them fill. By faithfully doing their duty in the home, they are multiplying agencies for doing good outside the home. They are becoming better fitted to labor in the church. By training their little flock discreetly, binding their children to themselves and to God, fathers and mothers become laborers together with God" (Ellen G. White, Lift Him Up , p. 253, emphasis added). The description of the church as "the household of God" (1 Tim 3:15; Eph 2:19) and the patterning of church authority after the headship arrangement in the home reveal the high estimation God places on the home family. "In the home the foundation is laid for the prosperity of the church. The influences that rule in the home life are carried into the church life; therefore, church duties should first begin in the home" (Ellen G. White, My Life Today , p. 284). "Every family in the home life should be a church, a beautiful symbol of the church of God in heaven" ( Child Guidance , p. 480). Not only is the pattern of authority in the church patterned after the home, but the home government is patterned after the church. Ellen G. White wrote, "The rules and regulations of the home life must be in strict accordance with a 'Thus saith the Lord.' The rules God has given for the government of His church are the rules parents are to follow in the church in the home. t is God's design that there shall be perfect order in the families on earth, preparatory to their union with the family in heaven. Upon the discipline and training received in the home depends the usefulness of men and women in the church and in the world" ( The Signs of the Times, Sept. 25, 1901 ). Is it possible that those who attempt to drive a wedge between the patterns of authority in the church and in the home are betraying a contempt for or disillusionment with the family institution? Or is it rather a failure to have a biblical understanding of the true nature of male headship and the complementary female supportive role? The Nature of Headship Authority. Paul's statement that "the head of every man is Christ; and the head of the woman is the man; and the head of Christ is God" (1 Cor 11:3) is probably the clearest statement presenting Jesus Christ as the model for the headship principle. The Bible teaches that whereas Jesus was equal with God (i.e., He was truly God even when He became Man, and therefore had the same mind or purpose as the Father [Jn 1:1; 5:18]), in Their different roles in the salvation of humanity the Son subordinated Himself to the Father (Phil 2:5-8; Jn 5:19; 6:57; 14:28, 31). Thus, when the apostle links his statement that "the head of the woman is the man" with "the head of Christ is God," Paul wants us to understand that although man and woman are equal in essence and being, they have different roles in relation to each other, the man exercising a headship function, and the woman a supporting role. The roles are different but complementary. "In the Lord, however, woman is not independent of man, nor is man independent of woman" (1 Cor 11:11). The headship role to which men are called is not "domination" or "control." This follows from the fact that God, in being "the head of Christ" (1 Cor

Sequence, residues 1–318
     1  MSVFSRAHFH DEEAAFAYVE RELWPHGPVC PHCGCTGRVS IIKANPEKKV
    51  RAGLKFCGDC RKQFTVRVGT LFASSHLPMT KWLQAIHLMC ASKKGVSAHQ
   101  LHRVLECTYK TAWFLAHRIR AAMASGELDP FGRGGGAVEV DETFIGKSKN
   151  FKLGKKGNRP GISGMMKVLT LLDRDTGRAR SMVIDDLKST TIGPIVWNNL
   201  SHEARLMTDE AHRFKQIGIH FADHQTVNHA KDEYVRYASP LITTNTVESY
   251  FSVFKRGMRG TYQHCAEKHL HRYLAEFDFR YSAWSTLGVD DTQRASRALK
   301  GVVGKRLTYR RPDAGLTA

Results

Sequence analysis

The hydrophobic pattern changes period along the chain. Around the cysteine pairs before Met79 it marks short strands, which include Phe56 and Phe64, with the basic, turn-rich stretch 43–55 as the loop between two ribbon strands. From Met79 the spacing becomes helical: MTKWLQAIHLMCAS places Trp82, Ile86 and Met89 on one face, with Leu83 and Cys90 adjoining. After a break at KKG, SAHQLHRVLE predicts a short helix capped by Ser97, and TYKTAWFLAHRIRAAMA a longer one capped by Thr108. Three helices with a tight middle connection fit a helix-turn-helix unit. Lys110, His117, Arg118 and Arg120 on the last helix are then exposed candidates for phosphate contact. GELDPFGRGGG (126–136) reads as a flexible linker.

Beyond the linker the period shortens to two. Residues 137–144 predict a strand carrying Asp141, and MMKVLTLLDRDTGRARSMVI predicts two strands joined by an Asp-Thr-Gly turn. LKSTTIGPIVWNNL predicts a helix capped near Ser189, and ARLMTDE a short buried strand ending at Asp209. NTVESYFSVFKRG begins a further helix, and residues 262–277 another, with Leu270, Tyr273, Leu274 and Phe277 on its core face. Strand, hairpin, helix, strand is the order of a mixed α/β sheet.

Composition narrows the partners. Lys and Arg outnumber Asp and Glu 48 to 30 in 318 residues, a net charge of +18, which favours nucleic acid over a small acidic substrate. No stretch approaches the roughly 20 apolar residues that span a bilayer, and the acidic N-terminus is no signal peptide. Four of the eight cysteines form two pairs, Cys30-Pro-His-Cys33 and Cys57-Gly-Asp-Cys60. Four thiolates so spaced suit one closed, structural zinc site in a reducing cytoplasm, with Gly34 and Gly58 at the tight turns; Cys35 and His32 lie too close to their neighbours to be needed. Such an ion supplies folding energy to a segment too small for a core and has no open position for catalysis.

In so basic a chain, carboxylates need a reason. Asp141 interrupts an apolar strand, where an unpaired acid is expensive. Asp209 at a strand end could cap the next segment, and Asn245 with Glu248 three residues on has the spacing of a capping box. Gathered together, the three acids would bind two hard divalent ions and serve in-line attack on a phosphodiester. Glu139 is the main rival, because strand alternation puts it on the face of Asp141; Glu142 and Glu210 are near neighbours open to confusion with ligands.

11:3), does not dominate Christ; neither does Christ, as "the head of the church" (Eph 5:23), dominate the church. "The Lord has constituted the husband the head of the wife to be her protector; he is the house-band of the family, binding the members together, even as Christ is the head of the church and the Saviour of the mystical body. Let every husband who claims to love God carefully study the requirements of God in his position. Christ's authority is exercised in wisdom, in all kindness and gentleness; so let the husband exercise his power and imitate the great Head of the church" ( The Adventist Home , p. 215). True headship leadership, to which men have been called (as husbands in the home and as elders and pastors in the church) is not a self-aggrandizing domination but a servantleadership which protects the church and empowers its members for service (Luke 9:1; 1 Cor 4:19-21; 2 Cor 10:8; 13:10; Philemon 8-10). This is what elders and pastors are called upon to do when they are described as they who "rule well" (1 Tim 5:17; 3:5); the same is expected of husbands as heads of their wives (Eph 5:25-26). Conclusion. The headship principle that was established at creation is valid today for the government of both the home family and the church family. Every Christian family is not only a little church but is also a "model of the heavenly family" ( Child Guidance , p. 549) which will soon be united with the church on earth (Eph 1:9, 10). To ascribe the headship principle to the marriage setting but not to the church situation, as some proponents of women's ordination do, is arbitrary and not supported by Scripture. In order for the church to ordain women as elders or pastors, it will have to provide a biblical justification for limiting the application of texts that prohibit women from exercising authority over men (1 Tim 2:11-14; 1 Cor 14:33-36) to only the home setting and not to the church as well. We will explore this concern by searching the Scriptures in more detail in the next chapter.